The final appeal of Scioli's Pizza Bar, of a three-week license suspension, has failed.
Superior Court Judge Daniel Wrenn dismissed the business's complaint on Feb. 15, finding that the state's Alcoholic Beverages Control Commission was justified in upholding the Milford Board of Selectmen's decision to suspend, for three weeks, the alcohol pouring license.
Milford Selectmen voted 2-0 in April to suspend the alcohol license, and to roll back serving hours for alcohol for six months. The decision followed a hearing in which Milford police, customers and employees testified about a March 24, 2012 incident in which two customers were reportedly punched by a Scioli's bouncer, Paul Casasanta. Once on the ground, the men were kicked at by individuals who were not identified.
One man was taken to Milford Regional Medical Center by ambulance, the other to the hospital by friends. The most seriously injured customer had reconstructive surgery on his eye socket.
Scioli's, through its attorney, has argued that the owner of the restaurant was not responsible for the actions of its employee, and that the restaurant is being treated unfairly, compared to other bars in town.
Before issuing its September 2012 decision, the ABCC reviewed records including the written summary of the Selectmen's meeting, and hearing, CDs of interviews conducted by police, and a call to the Milford 911 dispatch center.
Under state law, the Superior Court could reverse, or modify, an ABCC decision if the rights of a business were violated because the agency made an arbitrary or capricious decision, unwarranted by facts and not supported by substantial evidence, Wrenn wrote.
"The plaintiff's narrow argument in this regard is that the plaintiff's manager, Stephen Scioli, had no prior knowledge, understanding or information to predict that the plaintiff's employee and bouncer, Paul Casasanta, would react in a violent and aggressive fashion as he did on March 24, 2012," Wrenn wrote. "Thus, the plaintiff argues that the corporation did not permit the illegality and/or disturbance on its premises since the corporation's president, Mr. Scioli, had no foreknowledge of Mr. Casasanta's propensity in this regard."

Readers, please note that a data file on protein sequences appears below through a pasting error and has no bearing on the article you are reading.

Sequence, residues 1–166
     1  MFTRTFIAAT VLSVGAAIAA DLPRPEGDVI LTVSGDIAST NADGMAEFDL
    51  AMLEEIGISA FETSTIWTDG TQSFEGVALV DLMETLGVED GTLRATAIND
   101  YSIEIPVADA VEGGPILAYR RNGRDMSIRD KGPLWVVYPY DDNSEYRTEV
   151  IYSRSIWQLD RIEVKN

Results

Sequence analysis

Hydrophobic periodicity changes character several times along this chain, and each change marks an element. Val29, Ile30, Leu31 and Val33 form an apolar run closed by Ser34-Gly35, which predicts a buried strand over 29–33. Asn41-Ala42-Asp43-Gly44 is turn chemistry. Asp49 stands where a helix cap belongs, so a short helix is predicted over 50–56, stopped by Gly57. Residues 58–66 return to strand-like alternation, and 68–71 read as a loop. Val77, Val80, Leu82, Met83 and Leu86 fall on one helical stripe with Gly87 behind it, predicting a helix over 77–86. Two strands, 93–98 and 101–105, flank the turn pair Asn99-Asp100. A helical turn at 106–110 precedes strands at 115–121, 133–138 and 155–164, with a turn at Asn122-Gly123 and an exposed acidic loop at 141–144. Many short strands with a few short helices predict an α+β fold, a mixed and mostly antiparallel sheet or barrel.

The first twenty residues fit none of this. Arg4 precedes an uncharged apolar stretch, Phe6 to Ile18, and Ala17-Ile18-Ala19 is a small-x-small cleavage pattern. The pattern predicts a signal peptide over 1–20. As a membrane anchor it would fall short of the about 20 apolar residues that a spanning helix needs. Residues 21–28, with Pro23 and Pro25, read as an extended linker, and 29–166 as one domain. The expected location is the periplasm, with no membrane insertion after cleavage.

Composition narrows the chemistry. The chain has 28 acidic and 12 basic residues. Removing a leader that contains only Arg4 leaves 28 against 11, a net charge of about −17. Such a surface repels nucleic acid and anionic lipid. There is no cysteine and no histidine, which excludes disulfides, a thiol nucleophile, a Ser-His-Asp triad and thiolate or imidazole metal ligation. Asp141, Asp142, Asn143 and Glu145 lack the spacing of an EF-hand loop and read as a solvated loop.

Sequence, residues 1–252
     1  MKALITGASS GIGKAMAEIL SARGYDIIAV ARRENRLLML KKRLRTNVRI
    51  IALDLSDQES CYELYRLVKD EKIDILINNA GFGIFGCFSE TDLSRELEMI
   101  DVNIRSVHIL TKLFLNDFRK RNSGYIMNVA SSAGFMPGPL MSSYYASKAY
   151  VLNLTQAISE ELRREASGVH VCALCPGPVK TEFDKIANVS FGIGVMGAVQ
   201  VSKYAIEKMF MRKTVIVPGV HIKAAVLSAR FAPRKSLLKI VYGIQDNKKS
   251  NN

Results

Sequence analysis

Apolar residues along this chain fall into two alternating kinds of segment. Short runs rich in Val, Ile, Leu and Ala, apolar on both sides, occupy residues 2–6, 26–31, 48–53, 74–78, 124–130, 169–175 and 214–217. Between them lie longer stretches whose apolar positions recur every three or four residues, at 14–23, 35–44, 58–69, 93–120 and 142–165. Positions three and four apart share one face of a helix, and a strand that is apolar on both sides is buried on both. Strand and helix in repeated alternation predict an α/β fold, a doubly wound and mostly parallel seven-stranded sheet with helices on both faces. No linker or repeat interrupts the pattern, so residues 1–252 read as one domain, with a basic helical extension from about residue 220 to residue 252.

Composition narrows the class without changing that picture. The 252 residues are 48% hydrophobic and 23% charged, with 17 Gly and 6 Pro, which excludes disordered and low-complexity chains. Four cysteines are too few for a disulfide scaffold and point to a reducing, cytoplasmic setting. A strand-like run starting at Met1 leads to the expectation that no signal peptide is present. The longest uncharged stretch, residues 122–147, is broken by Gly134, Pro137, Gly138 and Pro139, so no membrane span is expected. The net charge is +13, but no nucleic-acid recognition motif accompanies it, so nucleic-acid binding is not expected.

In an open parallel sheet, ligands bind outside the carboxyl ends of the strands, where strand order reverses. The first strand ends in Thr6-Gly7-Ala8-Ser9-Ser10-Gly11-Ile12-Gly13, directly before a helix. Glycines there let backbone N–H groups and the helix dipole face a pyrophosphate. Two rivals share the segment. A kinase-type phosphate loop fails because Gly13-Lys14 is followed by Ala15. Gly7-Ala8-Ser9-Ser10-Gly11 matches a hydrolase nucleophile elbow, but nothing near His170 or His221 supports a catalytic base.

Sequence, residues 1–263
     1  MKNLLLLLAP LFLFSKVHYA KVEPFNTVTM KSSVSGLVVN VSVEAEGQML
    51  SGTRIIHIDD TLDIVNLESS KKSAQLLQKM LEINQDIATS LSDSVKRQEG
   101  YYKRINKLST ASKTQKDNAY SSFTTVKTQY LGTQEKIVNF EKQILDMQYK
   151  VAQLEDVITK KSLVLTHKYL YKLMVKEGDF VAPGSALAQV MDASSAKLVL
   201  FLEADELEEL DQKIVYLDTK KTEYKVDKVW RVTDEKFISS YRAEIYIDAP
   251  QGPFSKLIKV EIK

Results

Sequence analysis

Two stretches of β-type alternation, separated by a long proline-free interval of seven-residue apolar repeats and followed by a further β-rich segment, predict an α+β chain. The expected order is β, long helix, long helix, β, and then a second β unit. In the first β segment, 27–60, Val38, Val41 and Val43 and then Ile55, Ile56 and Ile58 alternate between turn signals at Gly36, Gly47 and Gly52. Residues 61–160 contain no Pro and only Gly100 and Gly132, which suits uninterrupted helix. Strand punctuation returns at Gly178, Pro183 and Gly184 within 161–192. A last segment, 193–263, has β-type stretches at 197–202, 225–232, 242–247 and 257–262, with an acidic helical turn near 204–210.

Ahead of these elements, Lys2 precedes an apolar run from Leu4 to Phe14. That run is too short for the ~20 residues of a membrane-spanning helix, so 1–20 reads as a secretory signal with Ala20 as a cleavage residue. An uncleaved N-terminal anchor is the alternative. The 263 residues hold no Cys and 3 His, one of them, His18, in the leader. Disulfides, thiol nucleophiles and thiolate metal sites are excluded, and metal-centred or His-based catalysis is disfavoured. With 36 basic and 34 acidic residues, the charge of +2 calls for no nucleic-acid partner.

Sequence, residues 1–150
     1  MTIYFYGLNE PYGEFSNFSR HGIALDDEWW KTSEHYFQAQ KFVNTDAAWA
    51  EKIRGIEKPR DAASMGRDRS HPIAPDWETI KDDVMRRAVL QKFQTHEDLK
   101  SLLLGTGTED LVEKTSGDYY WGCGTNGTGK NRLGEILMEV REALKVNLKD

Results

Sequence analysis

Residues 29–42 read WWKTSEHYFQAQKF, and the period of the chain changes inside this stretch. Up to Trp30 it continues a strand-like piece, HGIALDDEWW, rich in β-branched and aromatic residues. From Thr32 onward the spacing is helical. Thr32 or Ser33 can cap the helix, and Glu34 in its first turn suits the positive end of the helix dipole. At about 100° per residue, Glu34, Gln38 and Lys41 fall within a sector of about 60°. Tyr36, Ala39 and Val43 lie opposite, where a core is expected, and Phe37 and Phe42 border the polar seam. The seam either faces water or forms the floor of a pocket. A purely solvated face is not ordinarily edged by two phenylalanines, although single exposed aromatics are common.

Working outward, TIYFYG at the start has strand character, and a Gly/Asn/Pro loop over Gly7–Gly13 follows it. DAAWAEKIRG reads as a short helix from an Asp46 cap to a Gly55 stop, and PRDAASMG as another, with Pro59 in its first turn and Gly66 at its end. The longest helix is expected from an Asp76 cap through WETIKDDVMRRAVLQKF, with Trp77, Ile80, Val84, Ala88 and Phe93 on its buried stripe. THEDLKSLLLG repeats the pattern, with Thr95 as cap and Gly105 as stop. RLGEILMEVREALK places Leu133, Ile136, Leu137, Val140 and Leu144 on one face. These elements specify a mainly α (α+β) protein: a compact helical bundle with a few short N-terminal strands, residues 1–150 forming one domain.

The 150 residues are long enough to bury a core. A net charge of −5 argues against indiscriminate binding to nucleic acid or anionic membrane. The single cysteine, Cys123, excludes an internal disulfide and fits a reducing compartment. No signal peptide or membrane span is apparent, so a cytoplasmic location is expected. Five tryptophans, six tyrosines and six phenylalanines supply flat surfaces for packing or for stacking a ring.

"While the plaintiff through counsel presented a forceful and passionate argument in this regard, the plaintiff's argument is far too narrowly focused in regard to an interpretation of the relevant obligation. There was in fact substantial and indeed overwhelming evidence that the plaintiff corporation prior to March 24, 2012 failed to properly train its security staff so as to avoid the incident that occurred on March 24, 2012..."
The judge also found the business "through a number of its employees failed to properly respond to the incident of March 24, 2012, at an early stage when the corporation had an opportunity to put a stop to the incident and avoid the melee that ultimately resulted in a significant injury to one of the plaintiff's patrons."
Wrenn also rejected an argument that the business was treated more harshly than other businesses in Milford, finding the board's penalty was not arbitrary and "the penalty provided by the ABCC was a logical and reasoned penalty based on the substantial evidence presented to it at the administrative hearing."
Milford Selectmen next meet on Monday. The board would have to vote to impose the license suspension, for it to take effect.
Casasanta, 33, the former bouncer, resolved the criminal charges he faced in a Milford District Court hearing Friday. The two counts of assault and battery, and one count of aggravated assault and battery, resulting in serous injury, were reduced to two charges of assault and battery. If he complies with court-ordered anger management instruction, and probation, for the next three months, the charges will be continued without a finding.